By TP Saran
In Singapore, that is. And that is why, among other reasons, Mauritius will never become Singapore. What do you expect in and of a country where distortion of news and strategic disinformation are the norm in some quarters with a clear agenda to paint everything in black?
Is it any wonder that many bright – and not necessarily in the academic field — young Mauritians who find opportunities elsewhere after completing their studies there are not at all inclined to return to their country?
Will one case of chikungunya occupy the front page as a headline in Singapore? The answer is a plain no, because the degree of maturity and training of Singaporeans will not allow them to go down to such cheap levels. Especially after knowing that their country is more than well-equipped to cope with these diseases.
In fact, this is so in Mauritius too. We learn from official sources that the last case of chikungunya acquired locally was in August 2006. After that, whereas our neighbour Reunion island – which is a part of and is as developed as France — has had local recurrences of chikungunya every year, in Mauritius all the measures taken have been so successful that the few reported cases have all been imported, including the latest one of a lady who had travelled to India. This is the situation as regards dengue fever too – in Singapore and Malaysia it is endemic, and they don’t make a fuss or history out of it! And of course everybody knows that there is no more any indigenous malaria in Mauritius.
All this information was shared repeatedly in the dozens of press conferences that have been held since, first, the outbreak of chikungunya in 2005 and then during the episode of the AH1N1 pandemic influenza last year. The population was reassured that the health authorities in Mauritius were fully prepared to cope with any surge of these diseases, what with the willing collaboration of multiple other sectors that were concerned e.g. tourism, local government, education, etc. And the result was seen in practice. There were some deaths no doubt, but they did not exceed in proportion what was happening in other places where the pandemic had struck, even in advanced countries of Europe and in North America.
And that is what is so unpatriotic about the wickedness of the propagandist approach adopted by some blockheads, meant clearly to create panic among people when, equally clearly, everything goes to show that the situation is well under control. So it’s not only bureaucratic heavy-handedness that prevents us from matching Singaporean standards. However, the Prime Minister is right in pinpointing this element as a significant one in retarding us on many fronts, though it may not be the most important.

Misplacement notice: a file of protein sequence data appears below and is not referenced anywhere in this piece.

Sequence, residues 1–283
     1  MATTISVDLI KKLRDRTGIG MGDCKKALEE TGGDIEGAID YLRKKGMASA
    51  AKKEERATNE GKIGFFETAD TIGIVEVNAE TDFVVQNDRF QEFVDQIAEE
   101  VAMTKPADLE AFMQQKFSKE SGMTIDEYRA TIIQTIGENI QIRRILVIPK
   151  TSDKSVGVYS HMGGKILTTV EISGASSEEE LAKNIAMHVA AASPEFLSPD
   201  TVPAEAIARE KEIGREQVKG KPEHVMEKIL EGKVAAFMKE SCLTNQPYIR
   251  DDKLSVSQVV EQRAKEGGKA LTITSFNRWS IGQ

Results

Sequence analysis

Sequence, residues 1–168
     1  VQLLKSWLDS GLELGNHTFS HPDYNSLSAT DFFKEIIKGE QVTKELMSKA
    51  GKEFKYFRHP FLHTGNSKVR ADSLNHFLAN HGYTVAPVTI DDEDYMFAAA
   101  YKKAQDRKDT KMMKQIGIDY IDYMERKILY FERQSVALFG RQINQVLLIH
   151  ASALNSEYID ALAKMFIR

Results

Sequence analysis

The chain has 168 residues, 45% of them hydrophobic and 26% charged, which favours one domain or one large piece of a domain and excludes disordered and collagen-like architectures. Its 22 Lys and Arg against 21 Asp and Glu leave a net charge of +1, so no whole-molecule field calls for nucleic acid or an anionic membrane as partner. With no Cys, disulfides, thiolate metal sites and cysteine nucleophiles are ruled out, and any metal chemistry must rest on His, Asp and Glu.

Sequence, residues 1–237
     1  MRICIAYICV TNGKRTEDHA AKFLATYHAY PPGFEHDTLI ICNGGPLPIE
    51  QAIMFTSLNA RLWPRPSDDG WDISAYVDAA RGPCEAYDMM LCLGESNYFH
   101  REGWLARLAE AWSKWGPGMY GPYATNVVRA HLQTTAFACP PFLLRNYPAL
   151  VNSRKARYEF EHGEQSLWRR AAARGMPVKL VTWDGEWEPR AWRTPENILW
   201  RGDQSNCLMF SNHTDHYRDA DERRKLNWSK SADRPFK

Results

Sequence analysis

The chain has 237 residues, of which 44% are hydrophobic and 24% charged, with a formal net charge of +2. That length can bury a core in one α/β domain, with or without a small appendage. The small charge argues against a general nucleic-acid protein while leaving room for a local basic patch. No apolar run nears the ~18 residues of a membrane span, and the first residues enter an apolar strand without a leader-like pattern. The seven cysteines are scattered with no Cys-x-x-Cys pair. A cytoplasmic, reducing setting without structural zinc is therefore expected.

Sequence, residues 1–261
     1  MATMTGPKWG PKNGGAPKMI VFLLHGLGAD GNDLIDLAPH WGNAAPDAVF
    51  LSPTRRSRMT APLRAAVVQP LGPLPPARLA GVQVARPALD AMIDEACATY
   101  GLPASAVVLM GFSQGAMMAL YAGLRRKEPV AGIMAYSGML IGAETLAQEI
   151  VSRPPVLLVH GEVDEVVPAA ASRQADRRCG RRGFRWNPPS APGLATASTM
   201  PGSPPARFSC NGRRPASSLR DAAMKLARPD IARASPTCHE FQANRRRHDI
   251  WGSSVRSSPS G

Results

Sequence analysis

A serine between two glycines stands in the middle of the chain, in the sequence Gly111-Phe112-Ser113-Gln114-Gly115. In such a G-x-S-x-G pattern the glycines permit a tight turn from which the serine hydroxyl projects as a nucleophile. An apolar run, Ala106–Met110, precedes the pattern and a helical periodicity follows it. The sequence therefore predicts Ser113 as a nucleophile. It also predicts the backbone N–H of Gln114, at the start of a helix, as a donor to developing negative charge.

Singapore is corruption-free, and meritocracy prevails. We are no doubt trying hard here, but political interference, and communal, ethnic and racial considerations to varying degrees still come into play in many decisions. And this is where, as the editorial in last week’s issue of this paper underlines, we need the ‘right sort of leadership’ all the time and at all levels. Ask any civil servant at high level in Mauritius what sort of pressure can be brought to bear, even accompanied by hardly-veiled threats at times, in certain matters, and then we will get a truer picture of how difficult is the environment and atmosphere within which the civil service functions.
It is good that the Prime Minister himself realizes this, because we do not believe that changing to a presidential system will necessarily improve matters, at least at certain levels of functioning. Because it does not follow that there will be an equivalent transformation of practice or mindset. For example, do all the decisions of a statutorily constituted board in any ministry have to be approved by the minister, save those which are provided for in the act governing the board, or those where the board seeks such approval for reasons that it clearly spells out to the minister? And yet, in a number of ministries, this is imposed, to the detriment of the country in terms of general governance, and of course to those which the decisions concern in case the minister decides to go against the board’s decision – although there are limits to this exercise of power on his part. Thankfully – never mind that he can throw a tantrum if he is gently but forcefully reminded of this.